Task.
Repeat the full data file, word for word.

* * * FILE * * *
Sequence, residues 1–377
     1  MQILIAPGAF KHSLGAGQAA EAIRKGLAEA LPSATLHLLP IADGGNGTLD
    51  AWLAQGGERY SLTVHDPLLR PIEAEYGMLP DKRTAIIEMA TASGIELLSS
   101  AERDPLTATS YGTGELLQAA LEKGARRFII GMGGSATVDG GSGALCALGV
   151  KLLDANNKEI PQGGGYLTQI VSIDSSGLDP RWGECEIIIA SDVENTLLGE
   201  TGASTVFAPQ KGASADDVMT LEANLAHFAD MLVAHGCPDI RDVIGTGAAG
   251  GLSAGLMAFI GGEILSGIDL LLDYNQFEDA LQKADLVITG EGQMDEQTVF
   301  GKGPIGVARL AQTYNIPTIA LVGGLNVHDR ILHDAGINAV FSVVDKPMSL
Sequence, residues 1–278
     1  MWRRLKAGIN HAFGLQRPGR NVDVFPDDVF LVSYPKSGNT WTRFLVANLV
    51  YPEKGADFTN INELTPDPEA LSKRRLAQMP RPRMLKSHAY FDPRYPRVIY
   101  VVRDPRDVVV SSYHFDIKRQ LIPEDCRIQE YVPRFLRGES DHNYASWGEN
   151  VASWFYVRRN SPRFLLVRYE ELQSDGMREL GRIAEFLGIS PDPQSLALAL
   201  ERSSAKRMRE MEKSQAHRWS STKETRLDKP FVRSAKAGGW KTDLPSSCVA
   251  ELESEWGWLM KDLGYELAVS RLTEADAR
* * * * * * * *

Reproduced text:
Sequence, residues 1–377
     1  MQILIAPGAF KHSLGAGQAA EAIRKGLAEA LPSATLHLLP IADGGNGTLD
    51  AWLAQGGERY SLTVHDPLLR PIEAEYGMLP DKRTAIIEMA TASGIELLSS
   101  AERDPLTATS YGTGELLQAA LEKGARRFII GMGGSATVDG GSGALCALGV
   151  KLLDANNKEI PQGGGYLTQI VSIDSSGLDP RWGECEIIIA SDVENTLLGE
   201  TGASTVFAPQ KGASADDVMT LEANLAHFAD MLVAHGCPDI RDVIGTGAAG
   251  GLSAGLMAFI GGEILSGIDL LLDYNQFEDA LQKADLVITG EGQMDEQTVF
   301  GKGPIGVARL AQTYNIPTIA LVGGLNVHDR ILHDAGINAV FSVVDKPMSL
Sequence, residues 1–278
     1  MWRRLKAGIN HAFGLQRPGR NVDVFPDDVF LVSYPKSGNT WTRFLVANLV
    51  YPEKGADFTN INELTPDPEA LSKRRLAQMP RPRMLKSHAY FDPRYPRVIY
   101  VVRDPRDVVV SSYHFDIKRQ LIPEDCRIQE YVPRFLRGES DHNYASWGEN
   151  VASWFYVRRN SPRFLLVRYE ELQSDGMREL GRIAEFLGIS PDPQSLALAL
   201  ERSSAKRMRE MEKSQAHRWS STKETRLDKP FVRSAKAGGW KTDLPSSCVA
   251  ELESEWGWLM KDLGYELAVS RLTEADAR